top of page

Another Ag Company Lays Off Workers


AGCO website, magnifying glass over the logo

Anticipation about declining farm incomes may have hit another major agricultural company. AGCO Corporation – the Duluth, Georgia-based company – announced that it is laying off about one in 16 employees and more could be coming.


The company makes tractors, combine harvesters, hay and forage equipment, seeding and tillage implements, grain storage and protein systems, and replacement parts, according to its website.


AGCO said in its filing with the Securities and Exchange Commission that it is undergoing “a restructuring program in response to increased weakening demand in the agriculture industry.”

The challenges for farm incomes in 2024 are well documented with the USDA projecting a 25% drop from 2023.


RELATED: American Farmland Owner detailed how restaurants and other businesses in smaller communities are already feeling a loss as farmers are spending less. Read that story here.  


The SEC filing shows that AGCO expects to incur a cost of $150-200 million in connection with the layoffs during the remainder of this year and the first half of 2025. It expects future annual savings from the reductions to be $100-125 million.


The company also announced that it was cutting production by 10%.

 

Additional reductions may be possible, according to the filing.


“As part of the (restructuring) Program, the Company expects to evaluate other opportunities to further enhance global operating efficiencies that could result in additional restructuring charges related to future phases of the Program. The Company is unable at this time to quantify the charges and benefits related to potential future phases of the Program.”



Investing.com still considered AGCO to be in solid financial shape. Its analysis stated, “From a financial health perspective, AGCO's liquid assets exceed its short-term obligations, and its cash flows can sufficiently cover interest payments, indicating a stable financial footing as it navigates through the restructuring process. Moreover, despite an expected net income drop this year, analysts predict the company will remain profitable, a sentiment echoed by the company's positive performance over the last twelve months.”


The analysis pointed out some declining numbers from AGCO. “The company's quarterly results showed a 34% year-over-year decline in operating earnings per share (EPS) to $2.32 and a 12% decrease in net sales.”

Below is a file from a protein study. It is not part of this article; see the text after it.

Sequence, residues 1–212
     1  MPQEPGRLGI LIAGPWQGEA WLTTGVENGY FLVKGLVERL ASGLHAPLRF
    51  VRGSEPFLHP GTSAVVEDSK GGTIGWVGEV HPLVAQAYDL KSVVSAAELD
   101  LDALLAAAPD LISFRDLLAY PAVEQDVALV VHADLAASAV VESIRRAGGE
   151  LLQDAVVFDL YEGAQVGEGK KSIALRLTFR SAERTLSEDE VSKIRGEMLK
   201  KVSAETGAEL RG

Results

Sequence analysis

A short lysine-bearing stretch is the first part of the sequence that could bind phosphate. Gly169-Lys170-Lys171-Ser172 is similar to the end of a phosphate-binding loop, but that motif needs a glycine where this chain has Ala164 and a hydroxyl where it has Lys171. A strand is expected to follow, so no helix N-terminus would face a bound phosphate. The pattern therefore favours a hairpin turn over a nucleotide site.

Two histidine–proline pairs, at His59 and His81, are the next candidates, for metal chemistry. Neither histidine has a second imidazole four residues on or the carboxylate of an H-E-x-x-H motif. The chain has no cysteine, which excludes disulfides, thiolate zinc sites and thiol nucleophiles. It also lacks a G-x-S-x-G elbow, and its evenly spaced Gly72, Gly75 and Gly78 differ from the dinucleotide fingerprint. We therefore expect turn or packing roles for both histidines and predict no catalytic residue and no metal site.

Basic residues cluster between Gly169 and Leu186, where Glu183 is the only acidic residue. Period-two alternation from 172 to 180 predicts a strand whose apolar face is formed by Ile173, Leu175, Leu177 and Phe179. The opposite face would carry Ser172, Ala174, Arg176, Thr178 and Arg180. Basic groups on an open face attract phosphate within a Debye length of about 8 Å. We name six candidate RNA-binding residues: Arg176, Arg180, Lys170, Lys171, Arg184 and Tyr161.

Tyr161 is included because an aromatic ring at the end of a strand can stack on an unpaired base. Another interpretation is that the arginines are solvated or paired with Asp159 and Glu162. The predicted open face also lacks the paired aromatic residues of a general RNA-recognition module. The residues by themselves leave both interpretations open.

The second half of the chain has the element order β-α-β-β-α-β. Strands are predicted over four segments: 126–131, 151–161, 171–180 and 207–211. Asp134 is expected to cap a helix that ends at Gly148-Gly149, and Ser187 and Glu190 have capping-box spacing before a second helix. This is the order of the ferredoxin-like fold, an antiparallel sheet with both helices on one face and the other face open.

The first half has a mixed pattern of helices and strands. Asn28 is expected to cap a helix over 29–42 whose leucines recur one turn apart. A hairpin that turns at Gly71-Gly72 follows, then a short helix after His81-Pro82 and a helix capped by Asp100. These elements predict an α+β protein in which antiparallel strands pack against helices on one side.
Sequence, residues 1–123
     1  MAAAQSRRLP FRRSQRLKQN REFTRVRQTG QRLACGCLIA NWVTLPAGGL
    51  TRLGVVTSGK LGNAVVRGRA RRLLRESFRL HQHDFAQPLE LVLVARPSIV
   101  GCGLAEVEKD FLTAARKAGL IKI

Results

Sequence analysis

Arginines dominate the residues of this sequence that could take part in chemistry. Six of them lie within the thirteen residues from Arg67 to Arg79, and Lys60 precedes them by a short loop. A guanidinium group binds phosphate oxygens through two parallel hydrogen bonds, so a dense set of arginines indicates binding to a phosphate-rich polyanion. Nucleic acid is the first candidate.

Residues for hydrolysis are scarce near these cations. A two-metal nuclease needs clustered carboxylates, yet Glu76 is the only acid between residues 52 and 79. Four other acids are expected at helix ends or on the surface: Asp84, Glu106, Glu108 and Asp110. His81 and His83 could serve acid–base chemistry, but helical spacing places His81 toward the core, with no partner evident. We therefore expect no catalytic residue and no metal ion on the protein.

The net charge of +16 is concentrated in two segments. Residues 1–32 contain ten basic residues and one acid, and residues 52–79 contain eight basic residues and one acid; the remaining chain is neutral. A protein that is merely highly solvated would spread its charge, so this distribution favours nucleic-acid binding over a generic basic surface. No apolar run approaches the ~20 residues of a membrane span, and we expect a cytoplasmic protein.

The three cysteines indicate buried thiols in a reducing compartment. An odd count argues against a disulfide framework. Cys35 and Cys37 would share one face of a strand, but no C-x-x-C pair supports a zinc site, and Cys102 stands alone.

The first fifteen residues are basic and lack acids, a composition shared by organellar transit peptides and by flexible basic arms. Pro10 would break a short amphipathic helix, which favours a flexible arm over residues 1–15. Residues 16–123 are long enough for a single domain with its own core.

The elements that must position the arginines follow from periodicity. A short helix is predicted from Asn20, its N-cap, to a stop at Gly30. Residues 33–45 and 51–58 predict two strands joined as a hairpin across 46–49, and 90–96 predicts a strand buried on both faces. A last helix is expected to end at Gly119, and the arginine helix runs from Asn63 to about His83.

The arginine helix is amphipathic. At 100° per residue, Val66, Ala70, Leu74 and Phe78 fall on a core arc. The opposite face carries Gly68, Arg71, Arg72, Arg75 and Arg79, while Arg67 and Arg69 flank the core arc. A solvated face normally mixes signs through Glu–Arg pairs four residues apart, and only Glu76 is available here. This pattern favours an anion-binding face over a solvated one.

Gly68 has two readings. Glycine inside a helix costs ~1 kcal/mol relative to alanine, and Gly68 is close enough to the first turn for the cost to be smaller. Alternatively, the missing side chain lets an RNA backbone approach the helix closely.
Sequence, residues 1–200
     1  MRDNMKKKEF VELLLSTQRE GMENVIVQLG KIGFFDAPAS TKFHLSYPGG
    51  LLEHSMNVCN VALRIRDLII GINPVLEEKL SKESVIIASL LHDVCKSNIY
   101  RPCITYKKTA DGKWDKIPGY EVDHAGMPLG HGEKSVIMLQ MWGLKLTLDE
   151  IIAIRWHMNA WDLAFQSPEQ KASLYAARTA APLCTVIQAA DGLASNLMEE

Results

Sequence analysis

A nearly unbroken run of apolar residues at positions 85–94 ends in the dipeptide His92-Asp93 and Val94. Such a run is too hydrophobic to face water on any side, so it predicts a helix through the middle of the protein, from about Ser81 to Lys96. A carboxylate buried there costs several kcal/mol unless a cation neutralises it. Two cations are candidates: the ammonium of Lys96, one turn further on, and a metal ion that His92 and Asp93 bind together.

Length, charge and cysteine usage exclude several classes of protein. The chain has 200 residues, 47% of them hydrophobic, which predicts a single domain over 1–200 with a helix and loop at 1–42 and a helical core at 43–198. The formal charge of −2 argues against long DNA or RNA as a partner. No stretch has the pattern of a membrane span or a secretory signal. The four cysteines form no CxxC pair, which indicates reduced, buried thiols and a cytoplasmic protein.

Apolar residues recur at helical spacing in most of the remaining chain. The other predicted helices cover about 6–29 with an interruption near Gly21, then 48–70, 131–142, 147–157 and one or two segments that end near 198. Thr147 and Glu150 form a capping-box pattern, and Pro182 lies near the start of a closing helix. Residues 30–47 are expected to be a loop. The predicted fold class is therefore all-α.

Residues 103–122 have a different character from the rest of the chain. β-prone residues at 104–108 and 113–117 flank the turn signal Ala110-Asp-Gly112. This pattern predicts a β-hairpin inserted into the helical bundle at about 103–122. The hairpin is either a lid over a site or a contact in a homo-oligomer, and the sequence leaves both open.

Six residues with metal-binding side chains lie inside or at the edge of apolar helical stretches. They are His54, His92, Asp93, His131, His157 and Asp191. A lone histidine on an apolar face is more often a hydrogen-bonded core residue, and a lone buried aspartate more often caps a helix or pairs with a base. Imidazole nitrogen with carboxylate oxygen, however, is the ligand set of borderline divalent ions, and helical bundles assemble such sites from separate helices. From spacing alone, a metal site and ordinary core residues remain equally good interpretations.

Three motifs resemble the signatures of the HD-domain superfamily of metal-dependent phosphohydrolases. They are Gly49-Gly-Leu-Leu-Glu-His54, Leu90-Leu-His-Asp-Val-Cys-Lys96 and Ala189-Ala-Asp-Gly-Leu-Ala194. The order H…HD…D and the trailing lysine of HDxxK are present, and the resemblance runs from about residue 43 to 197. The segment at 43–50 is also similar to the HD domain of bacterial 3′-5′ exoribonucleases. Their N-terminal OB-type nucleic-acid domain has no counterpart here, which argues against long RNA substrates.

AGCO is also shifting jobs to Mexico, but it claimed in a statement that the 6% workforce reduction was not part of that.


“These reductions announced [Tuesday] are related to the weakened demand in the agriculture industry, not the shift in production to Mexico announced earlier this month,” a spokesperson said, according to a report by KWCH-TV in Wichita, Kansas.


AGCO operates a facility in Hesston, a town of about 3,500 people north of Wichita. Hesston is also home to Excel Industries, which produces lawnmowers.


KWCH-TV reported that AGCO will continue to operate in Hesston.


“Hesston will continue to manufacture Massey Ferguson windrowers, large square balers, combines and combine headers using the more than $28 million in investments made in the Kansas facility since 2021,” AGCO’s statement read.



AGCO is one of several large agricultural companies that have announced layoffs. John Deere, Bridgestone-Firestone, and CNH Industrial have all confirmed cuts. But that doesn’t indicate a collapse in agriculture.  


“While the farm machinery industry might be pulling back for now, its bottom line is expected to expand in the coming years,” Farm Progress reported in an article on the big company layoffs. Read that here. 

Comments


Commenting has been turned off.
American Farmland Owner Hayfields mountains

SUBSCRIBE WEEKLY E-NEWSLETTER

Subscribe to Where Landowners Get Their News® and be the first aware of agricultural insights, analysis, and in-depth interviews.

EMAIL ADDRESS

Thanks for submitting!

bottom of page